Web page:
Responsibility and Work Opportunity Reconciliation Act of 1996
(PRWORA) replaced the failed social program Aid to Families with
Dependent Children (AFDC) with a block grant program, Temporary
Assistance to Needy Families (TANF). The reform legislation had
three goals: 1) to reduce welfare dependence and increase
employment; 2) to reduce child poverty; and 3) to reduce
out-of-wedlock childbearing and strengthen marriage. In the ten
years since its enactment, welfare reform has succeeded in each of
President Johnson's War on
Poverty had failed to reduce welfare dependence. From 1965 to 1994,
AFDC caseloads rose steadily, reaching a height of 5 million
families on the rolls. Because prolonged welfare dependence has
negative effects on the development of children, welfare reform was
intended to disrupt inter-generational dependence by moving
families off the welfare rolls through increased work and marriage.
Welfare caseloads began to decline in earnest after 1996 and have
fallen by 56 percent since then.
This decline in welfare
dependence coincided with the increase in the employment of single
mothers. These trends have been particularly dramatic among those
who have the greatest tendency to long-term dependence: younger
never-married mothers with little education. During the late 1990s,
employment of never-married mothers increased by nearly 50 percent,
of single mothers who are high school dropouts by 66 percent, and
of young single mothers (ages 18 to 24) by nearly 100 percent.
Welfare reform impacted the whole welfare caseload, not just the
Not surprisingly, as
families left welfare and single mothers transitioned into work,
the child poverty rate fell, from 20.8 percent in 1995 to 17.8
percent in 2004, lifting 1.6 million children out of poverty. The
declines in poverty among black children and children from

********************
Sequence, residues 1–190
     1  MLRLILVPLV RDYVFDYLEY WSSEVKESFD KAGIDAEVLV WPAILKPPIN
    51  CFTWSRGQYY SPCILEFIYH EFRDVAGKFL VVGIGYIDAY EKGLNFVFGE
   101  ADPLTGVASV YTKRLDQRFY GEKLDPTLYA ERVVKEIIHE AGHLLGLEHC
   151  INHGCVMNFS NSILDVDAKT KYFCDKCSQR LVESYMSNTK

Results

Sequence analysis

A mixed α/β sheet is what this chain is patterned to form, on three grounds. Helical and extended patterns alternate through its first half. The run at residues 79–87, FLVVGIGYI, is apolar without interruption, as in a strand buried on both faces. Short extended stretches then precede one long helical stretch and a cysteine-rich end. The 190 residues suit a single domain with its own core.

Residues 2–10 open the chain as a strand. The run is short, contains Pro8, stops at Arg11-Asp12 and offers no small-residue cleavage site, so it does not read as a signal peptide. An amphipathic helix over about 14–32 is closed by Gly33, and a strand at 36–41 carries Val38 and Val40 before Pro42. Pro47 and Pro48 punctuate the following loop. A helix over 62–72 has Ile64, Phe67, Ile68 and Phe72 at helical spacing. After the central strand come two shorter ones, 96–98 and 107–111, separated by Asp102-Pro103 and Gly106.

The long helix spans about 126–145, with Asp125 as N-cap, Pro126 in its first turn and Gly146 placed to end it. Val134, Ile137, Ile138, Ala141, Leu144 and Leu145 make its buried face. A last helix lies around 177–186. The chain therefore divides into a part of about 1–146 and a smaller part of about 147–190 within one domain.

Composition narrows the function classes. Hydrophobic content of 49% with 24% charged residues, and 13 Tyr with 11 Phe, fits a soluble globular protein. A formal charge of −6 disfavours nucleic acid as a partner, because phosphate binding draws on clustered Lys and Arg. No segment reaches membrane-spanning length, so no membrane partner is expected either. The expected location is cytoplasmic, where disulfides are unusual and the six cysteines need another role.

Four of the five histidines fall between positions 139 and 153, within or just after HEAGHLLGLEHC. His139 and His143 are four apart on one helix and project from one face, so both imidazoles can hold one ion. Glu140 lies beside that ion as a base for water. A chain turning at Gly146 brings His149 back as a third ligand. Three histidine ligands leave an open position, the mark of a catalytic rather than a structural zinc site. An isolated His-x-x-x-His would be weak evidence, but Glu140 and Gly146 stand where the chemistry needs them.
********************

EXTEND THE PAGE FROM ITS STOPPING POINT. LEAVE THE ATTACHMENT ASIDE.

single-mother families were unprecedented. Neither poverty level
had changed much between 1971 and 1995. By contrast, six years
after PRWORA was enacted, these two poverty rates had fallen to
their lowest levels in national history, from 41.5 percent to 30
percent for black children and from 53.1 percent to 39.8 percent
for children from single-mother families.
Since welfare reform, the
once explosive growth of unwed childbearing has ended. The unwed
birthrate was 7.7 percent in 1965 and increased about one
percentage point per year for the next thirty years. Had this rate
of increase been sustained, the unwed childbearing rate would have
hit 41.6 percent by 2003, but welfare reform interrupted this
process. Between 1995 and 2003, overall unwed childbearing inched
upward by only 2.4 percentage points, a fourth of the pre-reform
rate of increase. The black unwed childbearing rate actually fell
from 69.9 percent in 1995 to 68.2 percent in 2003.
Opponents of reform would
like to credit many of these positive changes to a good economy,
but the evidence for this interpretation is not strong. While a
healthy economy did contribute to the progress charted in welfare
dependence, employment, and poverty, good economic conditions alone
would not have produced the striking changes that occurred in the
Historically, periods of